According to the American Urologic Association, this is a rare disorder that occurs in about 2.07 in every 100,000 births. It is slightly more common in males and varies in severity. The cause of exstrophy of the bladder is unknown. Although some reports show a clustering of exstrophy of the bladder in families, suggesting an inherited factor. However, the chance for parents to have another child with exstrophy of the bladder is small (1% or less). The disorder may occur in varying degrees from mild to severe. In many cases, exstrophy of the bladder is associated with the following:

  • Widened pubic bones

  • Outwardly rotated legs and feet

  • Triangle-shaped defect in the abdomen and visibility of the membrane of the bladder that is usually bright pink

  • Abnormally-shaped abdominal muscles

  • Displacement of the umbilicus (belly button), usually above the defect

  • Umbilical hernia may be present (section of intestine protrudes through a weakness in the abdominal muscles)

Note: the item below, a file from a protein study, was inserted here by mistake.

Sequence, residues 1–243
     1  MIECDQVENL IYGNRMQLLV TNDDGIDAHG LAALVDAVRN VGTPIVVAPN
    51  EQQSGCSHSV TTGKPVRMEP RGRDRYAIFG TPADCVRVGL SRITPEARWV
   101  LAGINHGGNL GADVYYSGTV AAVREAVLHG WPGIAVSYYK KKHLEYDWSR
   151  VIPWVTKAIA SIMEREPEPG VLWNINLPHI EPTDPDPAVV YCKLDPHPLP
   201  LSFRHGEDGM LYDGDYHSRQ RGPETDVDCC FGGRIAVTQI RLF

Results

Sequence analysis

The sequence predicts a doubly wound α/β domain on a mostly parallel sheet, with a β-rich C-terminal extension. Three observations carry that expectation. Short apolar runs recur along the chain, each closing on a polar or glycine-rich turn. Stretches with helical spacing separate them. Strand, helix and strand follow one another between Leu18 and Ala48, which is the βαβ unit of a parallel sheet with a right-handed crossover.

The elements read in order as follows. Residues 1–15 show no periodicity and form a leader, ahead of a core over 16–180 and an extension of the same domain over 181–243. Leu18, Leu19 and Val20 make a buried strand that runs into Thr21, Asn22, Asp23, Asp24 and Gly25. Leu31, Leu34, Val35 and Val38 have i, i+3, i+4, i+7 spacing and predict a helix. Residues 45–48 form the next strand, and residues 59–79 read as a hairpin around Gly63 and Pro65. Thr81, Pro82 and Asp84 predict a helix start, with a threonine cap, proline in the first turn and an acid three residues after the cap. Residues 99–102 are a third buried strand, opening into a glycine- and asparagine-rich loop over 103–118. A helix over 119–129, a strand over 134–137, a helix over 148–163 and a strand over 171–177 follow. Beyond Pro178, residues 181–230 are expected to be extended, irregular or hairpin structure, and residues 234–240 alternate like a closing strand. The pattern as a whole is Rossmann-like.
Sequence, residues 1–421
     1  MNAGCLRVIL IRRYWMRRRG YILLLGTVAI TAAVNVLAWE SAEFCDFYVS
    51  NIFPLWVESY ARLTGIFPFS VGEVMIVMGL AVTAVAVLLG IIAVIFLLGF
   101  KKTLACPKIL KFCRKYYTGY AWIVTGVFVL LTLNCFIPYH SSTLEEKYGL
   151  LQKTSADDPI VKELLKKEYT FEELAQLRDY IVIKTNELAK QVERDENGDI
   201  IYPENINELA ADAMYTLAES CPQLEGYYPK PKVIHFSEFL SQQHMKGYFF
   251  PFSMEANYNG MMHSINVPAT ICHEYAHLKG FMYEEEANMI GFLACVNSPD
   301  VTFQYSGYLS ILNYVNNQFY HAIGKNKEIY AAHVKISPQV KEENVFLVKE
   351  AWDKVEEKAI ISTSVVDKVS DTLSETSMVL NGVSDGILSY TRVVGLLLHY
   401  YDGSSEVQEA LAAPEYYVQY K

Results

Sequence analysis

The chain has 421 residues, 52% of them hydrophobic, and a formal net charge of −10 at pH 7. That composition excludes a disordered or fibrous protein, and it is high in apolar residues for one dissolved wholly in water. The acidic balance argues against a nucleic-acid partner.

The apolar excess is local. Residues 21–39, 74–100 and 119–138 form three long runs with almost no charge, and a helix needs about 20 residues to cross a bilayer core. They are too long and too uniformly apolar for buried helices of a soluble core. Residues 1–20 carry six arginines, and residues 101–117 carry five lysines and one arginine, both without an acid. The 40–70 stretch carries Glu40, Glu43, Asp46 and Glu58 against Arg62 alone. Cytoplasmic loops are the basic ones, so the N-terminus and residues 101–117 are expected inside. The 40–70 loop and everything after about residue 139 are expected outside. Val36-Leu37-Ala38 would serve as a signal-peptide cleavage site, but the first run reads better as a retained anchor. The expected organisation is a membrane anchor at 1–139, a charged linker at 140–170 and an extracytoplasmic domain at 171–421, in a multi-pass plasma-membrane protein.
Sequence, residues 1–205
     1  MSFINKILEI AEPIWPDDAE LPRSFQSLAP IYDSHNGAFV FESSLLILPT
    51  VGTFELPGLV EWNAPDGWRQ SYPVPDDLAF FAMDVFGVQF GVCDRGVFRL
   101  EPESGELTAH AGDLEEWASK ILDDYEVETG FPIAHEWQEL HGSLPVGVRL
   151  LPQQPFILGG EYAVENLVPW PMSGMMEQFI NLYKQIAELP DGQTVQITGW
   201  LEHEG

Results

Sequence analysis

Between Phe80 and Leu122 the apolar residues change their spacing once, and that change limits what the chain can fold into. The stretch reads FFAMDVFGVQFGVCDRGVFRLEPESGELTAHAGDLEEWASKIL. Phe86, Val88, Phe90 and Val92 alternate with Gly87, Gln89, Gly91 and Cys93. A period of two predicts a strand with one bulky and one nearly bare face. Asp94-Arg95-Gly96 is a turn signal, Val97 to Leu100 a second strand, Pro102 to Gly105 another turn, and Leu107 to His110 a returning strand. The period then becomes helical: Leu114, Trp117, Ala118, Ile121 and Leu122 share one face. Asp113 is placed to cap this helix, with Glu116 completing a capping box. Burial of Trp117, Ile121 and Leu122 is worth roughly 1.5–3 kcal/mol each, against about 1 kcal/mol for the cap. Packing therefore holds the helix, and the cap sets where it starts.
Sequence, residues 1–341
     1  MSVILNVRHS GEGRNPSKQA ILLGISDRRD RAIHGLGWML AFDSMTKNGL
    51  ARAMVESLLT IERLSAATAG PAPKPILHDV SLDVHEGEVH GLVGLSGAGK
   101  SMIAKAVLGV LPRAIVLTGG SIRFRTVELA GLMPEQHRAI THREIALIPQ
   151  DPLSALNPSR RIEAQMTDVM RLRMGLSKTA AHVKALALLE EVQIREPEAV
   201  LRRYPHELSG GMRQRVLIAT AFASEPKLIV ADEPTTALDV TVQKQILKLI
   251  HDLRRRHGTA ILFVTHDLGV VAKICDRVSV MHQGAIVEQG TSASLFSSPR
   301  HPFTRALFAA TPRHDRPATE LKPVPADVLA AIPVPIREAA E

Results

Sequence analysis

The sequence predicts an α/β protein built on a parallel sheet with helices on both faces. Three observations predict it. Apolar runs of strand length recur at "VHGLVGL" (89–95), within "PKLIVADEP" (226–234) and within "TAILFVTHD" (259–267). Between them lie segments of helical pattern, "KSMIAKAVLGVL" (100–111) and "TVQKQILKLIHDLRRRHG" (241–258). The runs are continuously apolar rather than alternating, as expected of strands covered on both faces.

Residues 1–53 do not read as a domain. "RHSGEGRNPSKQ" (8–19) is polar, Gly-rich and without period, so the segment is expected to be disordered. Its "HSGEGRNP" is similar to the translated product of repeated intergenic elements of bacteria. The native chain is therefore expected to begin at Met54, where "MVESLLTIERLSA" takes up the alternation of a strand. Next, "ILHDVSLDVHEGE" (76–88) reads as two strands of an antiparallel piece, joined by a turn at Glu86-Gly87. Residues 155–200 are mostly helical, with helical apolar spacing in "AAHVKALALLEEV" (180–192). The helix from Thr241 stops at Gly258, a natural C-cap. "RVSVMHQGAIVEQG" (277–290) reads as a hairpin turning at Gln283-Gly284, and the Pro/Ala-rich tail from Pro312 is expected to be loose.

• Short, small penis with urethral opening along top of penis (epispadias)

  • Narrow vaginal opening, wide labia, and short urethra

How is exstrophy of the bladder diagnosed?

Exstrophy of the bladder can usually be diagnosed by fetal ultrasound before an infant is born. After the infant is born, exstrophy can be determined by physical exam. Your child's doctor may order other tests.

What is the treatment for exstrophy of the bladder?

Your baby’s health care provider will figure out the best treatment for based on: